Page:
Child’s Social Security Benefits

Social Security Disability Lawyers Discuss Child’s Benefits

by Staff | October 16th, 2013

October 16, 2013

Anytime an adult is left unable to work due to age or their health, it can have serious effects on their families as well. This is especially true if the adult who is unable to work has children with disabilities. The Social Security Disability Lawyers with Fleschner, Stark, Tanoos & Newlin explain there may be assistance available for those left in such a predicament though.

The Social Security Administration allows for any adult who is disabled before the age of 22-years-old to collect a child’s benefit if a parent dies or begins collecting benefits due to retirement or disability. Such benefits are available as long as the individual collecting Social Security is the legal guardian of the recipient, and if the recipient is older than 18-years-old, unmarried, and was disabled before the age of 22-years-old.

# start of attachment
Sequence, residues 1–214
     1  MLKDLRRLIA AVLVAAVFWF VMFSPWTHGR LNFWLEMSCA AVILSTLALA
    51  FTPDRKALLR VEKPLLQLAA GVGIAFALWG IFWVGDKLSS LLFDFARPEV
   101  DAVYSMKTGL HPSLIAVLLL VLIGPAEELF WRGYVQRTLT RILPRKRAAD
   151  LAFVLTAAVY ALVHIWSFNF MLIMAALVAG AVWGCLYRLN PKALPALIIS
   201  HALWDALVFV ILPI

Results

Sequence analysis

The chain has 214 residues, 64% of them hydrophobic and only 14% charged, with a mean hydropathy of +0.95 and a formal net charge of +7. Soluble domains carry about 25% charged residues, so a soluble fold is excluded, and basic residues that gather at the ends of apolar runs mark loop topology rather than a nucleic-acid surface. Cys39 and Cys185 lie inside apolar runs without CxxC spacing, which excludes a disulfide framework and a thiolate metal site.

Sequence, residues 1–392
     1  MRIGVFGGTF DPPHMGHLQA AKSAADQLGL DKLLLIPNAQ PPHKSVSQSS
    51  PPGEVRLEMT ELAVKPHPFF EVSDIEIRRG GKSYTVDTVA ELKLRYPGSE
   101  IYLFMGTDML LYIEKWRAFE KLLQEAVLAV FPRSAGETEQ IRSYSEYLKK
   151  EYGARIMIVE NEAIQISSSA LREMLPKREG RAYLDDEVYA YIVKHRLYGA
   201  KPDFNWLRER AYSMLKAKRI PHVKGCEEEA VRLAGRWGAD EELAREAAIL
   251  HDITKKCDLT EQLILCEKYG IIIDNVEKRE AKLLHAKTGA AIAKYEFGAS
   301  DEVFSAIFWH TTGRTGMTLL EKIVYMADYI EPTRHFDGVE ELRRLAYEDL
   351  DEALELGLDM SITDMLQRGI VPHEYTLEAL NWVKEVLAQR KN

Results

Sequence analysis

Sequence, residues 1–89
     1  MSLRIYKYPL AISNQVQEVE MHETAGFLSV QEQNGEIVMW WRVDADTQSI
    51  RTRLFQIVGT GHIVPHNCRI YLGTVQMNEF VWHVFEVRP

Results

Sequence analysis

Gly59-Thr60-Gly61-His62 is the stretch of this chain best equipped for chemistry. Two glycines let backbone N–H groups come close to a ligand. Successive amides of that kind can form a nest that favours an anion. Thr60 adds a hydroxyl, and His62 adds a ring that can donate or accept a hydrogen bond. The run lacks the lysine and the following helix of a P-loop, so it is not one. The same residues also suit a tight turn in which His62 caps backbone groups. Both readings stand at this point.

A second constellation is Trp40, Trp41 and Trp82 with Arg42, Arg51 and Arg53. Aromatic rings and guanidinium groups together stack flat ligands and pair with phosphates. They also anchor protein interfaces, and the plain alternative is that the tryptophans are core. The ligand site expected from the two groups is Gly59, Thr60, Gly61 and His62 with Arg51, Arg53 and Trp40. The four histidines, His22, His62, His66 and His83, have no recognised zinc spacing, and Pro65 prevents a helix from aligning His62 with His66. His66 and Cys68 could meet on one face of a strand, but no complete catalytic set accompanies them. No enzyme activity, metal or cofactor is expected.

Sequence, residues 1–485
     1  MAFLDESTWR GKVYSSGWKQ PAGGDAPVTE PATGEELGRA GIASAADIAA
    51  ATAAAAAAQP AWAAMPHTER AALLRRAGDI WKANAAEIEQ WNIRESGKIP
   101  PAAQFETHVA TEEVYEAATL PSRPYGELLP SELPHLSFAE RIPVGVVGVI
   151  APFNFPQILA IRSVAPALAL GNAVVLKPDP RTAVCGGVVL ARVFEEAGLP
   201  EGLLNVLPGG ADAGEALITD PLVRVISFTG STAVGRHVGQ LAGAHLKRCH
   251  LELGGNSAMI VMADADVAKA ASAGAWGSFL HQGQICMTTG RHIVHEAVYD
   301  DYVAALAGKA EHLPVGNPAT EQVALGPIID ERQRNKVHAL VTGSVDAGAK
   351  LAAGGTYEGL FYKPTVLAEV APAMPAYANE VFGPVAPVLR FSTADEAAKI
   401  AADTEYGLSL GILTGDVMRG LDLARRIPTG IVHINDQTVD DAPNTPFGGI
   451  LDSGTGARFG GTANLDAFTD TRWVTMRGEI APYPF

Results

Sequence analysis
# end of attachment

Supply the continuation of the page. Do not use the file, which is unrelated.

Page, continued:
In order to collect benefits, the child is not required to have ever worked in the past because the benefits are based off of the parent’s work history; however, in order to receive a Child’s Social Security Benefit, the recipient must not bring in earnings of more than $1,040 per month.

An individual who receives a child’s benefit may also qualify for other programs, such as Supplemental Security Income or Medicare. That is why the law firm’s team of attorneys suggest anyone considering applying for benefits for themselves or their families discuss their legal options with a reputable attorney to ensure they receive every benefit they deserve.